As an engineer for Ferrari, Lamborghini and Iso, Giotto Bizzarrini created some of the greatest Italian sportscar icons.

The peak years of his career began in 1957, with a move from Alfa to Ferrari: ‘Il Commendatore’ Enzo Ferrari personally took the young engineer to Maranello, a decision which paid huge dividends. As a development manager, designer, test driver and chief engineer, Bizzarrini influenced not only the development of the Ferrari 250 Testa Rossa and the Ferrari 250 GT SWB, but he also designed the world-famous Ferrari 250 GTO. Yet as well as being a brilliant engineer, Bizzarrini valued his freedom – and in 1961 he was one of the instigators of the Ferrari ‘palace revolution’. He became part of Automobili Turismo e Sport (ATS)), a company started by the ex-Ferrari engineers to build a Formula 1 single seater and a GT sport car, the A.T.S. Serenissima.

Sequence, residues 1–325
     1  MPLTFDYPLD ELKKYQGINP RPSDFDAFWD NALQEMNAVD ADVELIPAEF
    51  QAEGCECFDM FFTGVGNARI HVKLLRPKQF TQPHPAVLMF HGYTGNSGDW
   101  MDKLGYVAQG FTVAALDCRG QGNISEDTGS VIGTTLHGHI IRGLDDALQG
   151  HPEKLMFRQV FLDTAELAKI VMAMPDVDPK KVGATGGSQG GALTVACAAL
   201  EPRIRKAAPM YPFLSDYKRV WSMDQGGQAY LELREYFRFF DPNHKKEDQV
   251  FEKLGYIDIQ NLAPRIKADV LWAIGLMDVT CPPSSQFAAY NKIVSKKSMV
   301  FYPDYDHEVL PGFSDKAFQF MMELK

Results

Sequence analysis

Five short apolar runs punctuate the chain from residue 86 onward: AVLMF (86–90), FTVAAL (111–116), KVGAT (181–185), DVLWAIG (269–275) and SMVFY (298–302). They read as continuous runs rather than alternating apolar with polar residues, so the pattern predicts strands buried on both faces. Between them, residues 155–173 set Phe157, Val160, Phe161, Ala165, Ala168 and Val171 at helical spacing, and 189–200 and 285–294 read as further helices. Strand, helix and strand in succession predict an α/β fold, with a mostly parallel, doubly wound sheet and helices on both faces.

One of ATS's financial backers, Count Giovanni Volpi, owner of Scuderia Serenissima, hired Bizzarrini to upgrade a Ferrari 250 GT SWB, with chassis number #2819GT to GTO specifications. This resulted in the Ferrari 250 GT SWB Drogo also known as the "Breadvan".

Bizzarrini's engineering company, Societa Autostar, was commissioned to design a V-12 engine for a GT car to be built by another dissatisfied Ferrari customer, Ferruccio Lamborghini. Lamborghini considered the resulting engine to be too highly strung, and ordered that it be detuned.

Bizzarrini worked since 1964 for Iso Rivolta and developed three models: Iso Rivolta GT, Iso Grifo both A3L and A3C versions. His work was to develop a pressed steel frame chassis for Iso cars.

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